Arnold Arboretum

What do glaciers do to the landscape?

The Arnold Arboretum shows lots of evidence of glaciation - the process by which glaciers alter the landscape. What's interesting about this location is that you can see evicence of relatively recent glaciers (~22,000 years ago) and very ancient glaciers (~600 million years ago).

The Arboretum has several hills, of which Peters Hill (on the south side of the park) is the largest. These hills are drumlins. A drumlin is a hill composed of a pile of sand, rocks, gravel, boulders, etc. that have were left behind as glaciers retreated over 16,000 years ago.

Not too far away, at the Chestnut Hill Mall (behind Bloomingdale's), you can see more evidence of the glaciers advanced. They left behind clear scratches in the rock as they slowly advanced. We think of glaciers as having moved south as they covered Massachusetts, and in general, they do. You'll notice that the surface has two sets of scratches almost perpendicular to each other. Both of these sets of scratches were caused by glaciers as they advanced South. (We call this "glacial scarring".) It is uncommon to find two sets of scratches, since the later glacial event generally wipes out the earlier one.

But wait! How is it possible for two sets of glacial scratches (one earlier than the other) to both be oriented south, if they are perpendicular?? What could have happened here? Hint: think about the difference between the entire ice sheet moving and what individual, much smaller, parts of it might have done.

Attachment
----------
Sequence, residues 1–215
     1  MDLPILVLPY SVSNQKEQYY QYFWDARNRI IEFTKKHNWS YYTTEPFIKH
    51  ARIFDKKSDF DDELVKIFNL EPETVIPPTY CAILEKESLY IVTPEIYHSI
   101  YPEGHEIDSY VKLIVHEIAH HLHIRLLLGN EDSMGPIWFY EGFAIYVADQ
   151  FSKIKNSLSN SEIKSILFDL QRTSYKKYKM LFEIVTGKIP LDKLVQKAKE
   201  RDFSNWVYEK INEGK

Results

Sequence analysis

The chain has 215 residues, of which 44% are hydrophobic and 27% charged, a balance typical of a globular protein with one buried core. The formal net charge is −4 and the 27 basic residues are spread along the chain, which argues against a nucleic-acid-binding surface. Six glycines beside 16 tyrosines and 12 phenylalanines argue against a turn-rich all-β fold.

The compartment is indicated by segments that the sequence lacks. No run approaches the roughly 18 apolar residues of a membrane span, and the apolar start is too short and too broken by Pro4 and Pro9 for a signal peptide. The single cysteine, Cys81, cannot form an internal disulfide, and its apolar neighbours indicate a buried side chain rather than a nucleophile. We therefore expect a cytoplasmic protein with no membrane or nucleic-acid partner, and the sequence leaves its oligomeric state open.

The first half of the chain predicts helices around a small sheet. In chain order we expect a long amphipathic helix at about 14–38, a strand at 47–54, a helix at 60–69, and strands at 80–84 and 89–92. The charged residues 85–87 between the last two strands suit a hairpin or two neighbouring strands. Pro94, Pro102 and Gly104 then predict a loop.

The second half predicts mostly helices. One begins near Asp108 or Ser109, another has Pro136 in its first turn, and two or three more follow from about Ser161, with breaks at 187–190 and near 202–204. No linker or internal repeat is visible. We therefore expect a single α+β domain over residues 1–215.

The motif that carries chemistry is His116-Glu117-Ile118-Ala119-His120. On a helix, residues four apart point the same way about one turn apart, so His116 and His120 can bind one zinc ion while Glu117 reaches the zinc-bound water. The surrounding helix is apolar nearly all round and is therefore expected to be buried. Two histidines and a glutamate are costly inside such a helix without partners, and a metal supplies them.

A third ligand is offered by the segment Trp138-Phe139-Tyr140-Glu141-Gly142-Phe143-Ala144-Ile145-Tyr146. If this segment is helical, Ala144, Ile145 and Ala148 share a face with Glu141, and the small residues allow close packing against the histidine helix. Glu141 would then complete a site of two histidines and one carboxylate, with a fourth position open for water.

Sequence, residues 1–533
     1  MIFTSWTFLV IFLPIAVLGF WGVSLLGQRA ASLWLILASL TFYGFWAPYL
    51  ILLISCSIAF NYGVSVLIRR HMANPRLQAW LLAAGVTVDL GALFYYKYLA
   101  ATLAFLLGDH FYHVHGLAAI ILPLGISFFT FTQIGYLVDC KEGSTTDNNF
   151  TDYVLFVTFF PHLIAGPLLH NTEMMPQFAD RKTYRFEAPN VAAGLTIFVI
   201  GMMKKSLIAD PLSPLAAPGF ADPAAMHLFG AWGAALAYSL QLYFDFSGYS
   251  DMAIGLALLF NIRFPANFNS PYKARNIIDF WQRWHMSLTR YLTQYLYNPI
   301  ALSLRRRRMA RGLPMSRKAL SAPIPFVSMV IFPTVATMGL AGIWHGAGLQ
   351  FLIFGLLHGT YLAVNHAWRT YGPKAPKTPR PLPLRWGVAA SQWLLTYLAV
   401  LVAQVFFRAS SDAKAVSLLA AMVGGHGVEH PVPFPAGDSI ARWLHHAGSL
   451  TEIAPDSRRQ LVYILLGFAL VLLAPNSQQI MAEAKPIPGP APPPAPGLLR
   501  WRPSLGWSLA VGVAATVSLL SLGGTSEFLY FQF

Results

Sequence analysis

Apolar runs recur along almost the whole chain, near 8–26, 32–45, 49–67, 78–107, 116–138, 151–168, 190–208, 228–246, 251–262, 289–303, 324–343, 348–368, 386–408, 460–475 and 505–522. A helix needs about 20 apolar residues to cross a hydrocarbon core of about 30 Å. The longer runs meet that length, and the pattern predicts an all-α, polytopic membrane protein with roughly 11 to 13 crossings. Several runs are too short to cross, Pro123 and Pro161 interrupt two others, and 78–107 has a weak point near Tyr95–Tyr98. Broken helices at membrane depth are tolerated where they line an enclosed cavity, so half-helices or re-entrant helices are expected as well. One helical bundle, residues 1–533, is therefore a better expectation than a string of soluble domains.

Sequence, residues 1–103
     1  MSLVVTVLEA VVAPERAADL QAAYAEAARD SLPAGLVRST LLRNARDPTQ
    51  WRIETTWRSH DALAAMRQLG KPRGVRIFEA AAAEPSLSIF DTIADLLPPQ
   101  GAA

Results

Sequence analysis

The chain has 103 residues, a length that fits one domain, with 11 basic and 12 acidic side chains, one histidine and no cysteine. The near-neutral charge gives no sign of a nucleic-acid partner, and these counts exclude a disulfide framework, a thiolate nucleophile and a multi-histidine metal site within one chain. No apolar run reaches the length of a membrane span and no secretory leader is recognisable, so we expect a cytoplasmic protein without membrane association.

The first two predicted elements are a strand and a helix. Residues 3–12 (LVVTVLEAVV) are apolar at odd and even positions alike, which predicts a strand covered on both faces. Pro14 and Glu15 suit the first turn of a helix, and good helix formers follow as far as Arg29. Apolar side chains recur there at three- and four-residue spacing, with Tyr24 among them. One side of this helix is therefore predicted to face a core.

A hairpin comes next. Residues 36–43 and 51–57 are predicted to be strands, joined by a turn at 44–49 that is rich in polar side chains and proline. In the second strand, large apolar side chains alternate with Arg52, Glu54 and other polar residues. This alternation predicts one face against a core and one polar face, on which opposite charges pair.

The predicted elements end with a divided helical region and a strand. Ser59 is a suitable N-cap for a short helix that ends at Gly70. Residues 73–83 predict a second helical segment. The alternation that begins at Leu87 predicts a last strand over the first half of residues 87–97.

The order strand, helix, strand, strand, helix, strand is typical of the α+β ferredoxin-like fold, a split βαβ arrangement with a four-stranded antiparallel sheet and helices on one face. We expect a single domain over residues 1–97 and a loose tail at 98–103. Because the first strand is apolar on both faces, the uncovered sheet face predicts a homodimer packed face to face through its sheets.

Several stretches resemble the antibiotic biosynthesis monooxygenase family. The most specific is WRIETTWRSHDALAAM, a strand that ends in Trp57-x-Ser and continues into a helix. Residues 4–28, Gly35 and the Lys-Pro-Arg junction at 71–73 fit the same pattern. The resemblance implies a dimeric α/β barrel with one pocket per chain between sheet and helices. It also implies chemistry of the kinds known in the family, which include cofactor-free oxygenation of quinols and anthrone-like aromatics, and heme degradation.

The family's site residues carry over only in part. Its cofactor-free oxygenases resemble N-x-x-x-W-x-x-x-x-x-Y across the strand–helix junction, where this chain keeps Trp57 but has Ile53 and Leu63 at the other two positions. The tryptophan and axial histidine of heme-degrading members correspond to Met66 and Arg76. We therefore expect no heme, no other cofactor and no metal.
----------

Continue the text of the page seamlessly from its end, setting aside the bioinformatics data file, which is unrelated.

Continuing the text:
Can you tell which set of scratches is older? What is your evidence?


Not all till comes from large continent-covering glaciers (such as those that occured during the Ice Age). On the tops of many mountains glaciers can be found, and they can produce the same effects as larger glaciers.

Look closely at the pictures of the rock below. These are formed in a similar way to the Roxbury Conglomerate, in that bits of rock, sand and clay were deposited at the bottom of a stream or river bed - over time these became cemented toegether to form a hard rock.

However, the bits of rock that make up the Conglomerate found in the Arboretum may have been formed differently - these bits of rock were probably eroded by glaciers, rather than water and wind. This type of conglomerate is called a tillite, and the specific rock found in the Arboretum is known as Squantum Tillite.

One telltale feature of the tillite is the fact that the bits of rock found in the conglomerate tend to be more jagged, as compared to the rounded stones found in the Roxbury Conglomerate.

<pictures of Tillite and Conglomerate>

Some scientists believe that the tillite was formed by glaciers, yet the Boston area was near the equator when the tillite was formed. What does that tell you about the environment in which the tillite was formed?